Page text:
Well, we’re getting a pretty quick narrative rethink on Scott Walker, aren’t we? Two weeks ago he was a conquering hero. Now he’s a nincompoop. The truth is undoubtedly somewhere in between—although exactly which of the two poles he ends up nearer is one of the coming campaign’s mysteries.
But whether you’re liberal or conservative—that is, whether you think his cutesy refusal to confirm Barack Obama’s religiosity to The Washington Post was an outrage or act of truth-telling—the bottom line here is what my colleague Matt Lewis said it is: The way Walker and his people handled it was plain old not-ready-for-prime-time-ism. A first-time presidential candidate doesn’t get many mulligans on that front before the media decide he’s a second-rater and start covering him that way.
The most interesting thing about this hubbub, though, is the nature of the defense of Walker, which reveals a breathtaking lack of self-awareness on the right, or maybe dishonesty, or maybe both.
The main defense has been: Why was this question relevant? Why does Scott Walker even have to be asked about whether the president is a Christian? Well, maybe because for the last 30 or 35 years, the political right has dragged the question of a candidate’s piety from the fringes of the political debate, where it belonged and belongs, to the white-hot center, where it is a malignant tumor on our politics.
It wasn’t always this way. Of course we’ve had moralizers from the beginning. Thomas Jefferson’s political foes called him an “infidel” and a “howling atheist” and warned that if he won the presidency, churches would be converted into whorehouses. But then America matured, a little, and became a world power, and began taking in large numbers of immigrants, and started thinking about the world not only in terms of spirituality but in terms of psychology, social science, and so on. By the time all those forces had coalesced—the 1930s, let’s call it; the thermidorean backwash of the Scopes Trial—we by and large stopped having religious litmus tests for the presidency.
Ah but 1960, you’re thinking; well, yes, but that was totally different. No one questioned John Kennedy’s lack of religious faith. Indeed the issue was the opposite—that his Catholic faith was so all-defining that he’d govern as a Vatican fifth-columnist. For many years after that, a candidate’s religious beliefs were part of the story, certainly, but what reigned was a quality of tolerant and easy-going religious neutrality that was a reflection of the regnant, and largely bipartisan, Protestantism of the day. Candidates didn’t run around dog-whistling to the pious and implying that the impious were somehow lesser Americans whose votes ought to count for less.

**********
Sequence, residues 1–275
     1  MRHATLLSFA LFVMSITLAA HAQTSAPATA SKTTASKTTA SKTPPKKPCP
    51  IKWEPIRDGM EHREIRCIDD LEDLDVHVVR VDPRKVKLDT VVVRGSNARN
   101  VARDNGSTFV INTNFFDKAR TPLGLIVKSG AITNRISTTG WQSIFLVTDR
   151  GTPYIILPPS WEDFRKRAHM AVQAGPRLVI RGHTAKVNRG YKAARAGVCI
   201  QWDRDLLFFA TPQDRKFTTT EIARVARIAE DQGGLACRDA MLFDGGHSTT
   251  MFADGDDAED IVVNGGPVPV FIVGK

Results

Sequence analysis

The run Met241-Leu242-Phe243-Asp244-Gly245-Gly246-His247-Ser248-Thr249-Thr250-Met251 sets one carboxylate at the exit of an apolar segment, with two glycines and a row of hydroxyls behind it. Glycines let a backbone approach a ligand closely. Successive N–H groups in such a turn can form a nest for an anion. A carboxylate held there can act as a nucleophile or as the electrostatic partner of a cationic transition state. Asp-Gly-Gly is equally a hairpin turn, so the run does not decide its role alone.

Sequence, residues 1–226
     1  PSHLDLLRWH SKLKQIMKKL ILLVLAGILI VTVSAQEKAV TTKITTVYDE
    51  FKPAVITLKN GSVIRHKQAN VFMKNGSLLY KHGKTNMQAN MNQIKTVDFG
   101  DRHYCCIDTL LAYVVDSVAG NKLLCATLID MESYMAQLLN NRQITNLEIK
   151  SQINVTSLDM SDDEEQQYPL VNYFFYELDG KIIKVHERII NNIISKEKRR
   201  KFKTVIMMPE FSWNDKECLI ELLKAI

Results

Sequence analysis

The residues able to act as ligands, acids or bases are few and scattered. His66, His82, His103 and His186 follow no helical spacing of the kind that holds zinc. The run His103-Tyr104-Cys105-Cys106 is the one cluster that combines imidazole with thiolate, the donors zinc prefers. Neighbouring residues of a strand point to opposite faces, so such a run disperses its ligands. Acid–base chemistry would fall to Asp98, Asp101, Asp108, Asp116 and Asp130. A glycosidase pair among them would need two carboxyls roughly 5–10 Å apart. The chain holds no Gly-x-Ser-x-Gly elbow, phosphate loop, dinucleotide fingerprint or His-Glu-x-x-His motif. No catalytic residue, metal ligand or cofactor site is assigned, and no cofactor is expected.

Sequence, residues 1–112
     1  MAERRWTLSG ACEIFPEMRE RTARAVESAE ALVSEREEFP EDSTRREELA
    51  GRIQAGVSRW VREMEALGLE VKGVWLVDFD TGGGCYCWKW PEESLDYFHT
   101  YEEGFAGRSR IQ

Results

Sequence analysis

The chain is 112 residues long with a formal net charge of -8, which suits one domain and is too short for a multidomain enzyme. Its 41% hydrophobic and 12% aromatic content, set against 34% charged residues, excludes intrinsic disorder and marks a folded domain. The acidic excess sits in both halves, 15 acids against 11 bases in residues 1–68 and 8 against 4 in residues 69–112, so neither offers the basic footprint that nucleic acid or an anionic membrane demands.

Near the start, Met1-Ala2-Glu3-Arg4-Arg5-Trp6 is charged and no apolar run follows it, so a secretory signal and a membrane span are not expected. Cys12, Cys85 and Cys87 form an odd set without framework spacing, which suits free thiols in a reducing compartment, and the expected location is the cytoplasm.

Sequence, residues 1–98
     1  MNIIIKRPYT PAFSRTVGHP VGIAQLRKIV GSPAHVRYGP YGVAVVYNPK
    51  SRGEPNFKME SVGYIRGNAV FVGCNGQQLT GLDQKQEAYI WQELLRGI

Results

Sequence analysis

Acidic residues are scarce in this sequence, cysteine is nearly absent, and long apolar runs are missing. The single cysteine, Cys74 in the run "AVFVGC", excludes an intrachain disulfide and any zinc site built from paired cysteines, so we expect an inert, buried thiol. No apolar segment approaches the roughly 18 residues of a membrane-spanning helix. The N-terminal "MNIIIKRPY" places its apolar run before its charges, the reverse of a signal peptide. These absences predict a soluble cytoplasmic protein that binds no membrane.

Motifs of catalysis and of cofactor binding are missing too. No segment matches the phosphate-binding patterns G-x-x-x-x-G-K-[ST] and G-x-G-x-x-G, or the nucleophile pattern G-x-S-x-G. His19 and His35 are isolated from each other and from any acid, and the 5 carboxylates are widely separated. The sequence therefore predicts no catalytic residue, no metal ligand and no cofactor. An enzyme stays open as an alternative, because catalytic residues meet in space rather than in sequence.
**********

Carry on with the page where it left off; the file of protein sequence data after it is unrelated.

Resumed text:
Oddly it was a Democrat who first wore his religious on his sleeve in the presidential arena. Still, Jimmy Carter, though an evangelical, was still enough of a liberal to not tie his religious beliefs to a particular ideological agenda.
This all changed—and give the man his due—with Jerry Falwell and the Moral Majority, and the growing evangelization of the Republican primary electorate. Professions of faith from GOP candidates became more and more grandiose, like George W. Bush’s claim that Jesus Christ was his favorite philosopher. I’ve never known whether it was planned that he would say that or whether he just said it off the cuff, but whatever the case it was kind of brilliant of him, it must be admitted. When liberals made fun of him for not saying Locke or whatever, they managed to sound like snooty eggheads and Jesus-haters both at once.
At the same time that the religious right pushed Jesus into the presidential boxing ring, it did all it could to throw traditional religious neutrality out of it, such that positions that had been completely uncontroversial 20 years before grew to be toxic for Democrats. I think here of Al Gore being afraid to say in 2000 that he believed in evolution, one of the nadirs of recent presidential history.
In other words, it’s Republicans and conservatives who have made religious belief central to the conversation of presidential politics. And not just religious belief—a particular kind of (conservative) religious belief. Republicans made this a topic.
Now in fairness, Obama’s faith was a question in 2008, because of Jeremiah Wright, and that pot got a stirring not only from Republicans but from Hillary Clinton too. But the guy has now been the president for a long time, and voters twice elected him by reasonably comfortable margins. So these kinds of questions about Obama are still raised only in the fever swamps where Walker is trying to launch his dinghy. It’s only over there that these things matter.
So the question the Post put to Walker was completely logical and defensible within that tradition for which conservatism was responsible and to which Walker has recently been pandering, by weaseling around recently on the topic of evolution.
So it’s supposed to be unfair for Walker to have to answer a simple question like the one he was asked? Ridiculous. Liberals didn’t make faith a litmus test. If Walker and the others want to parade their own Christian credentials, any question along those lines is fair game. Besides, as Lewis said, there’s an easy answer: I don’t doubt that he is, it’s just his ideas and policies that are wrong. But of course that’s not enough for their base. If Walker got caught in any trap over the weekend, it’s one of conservatism’s devising, not the media’s.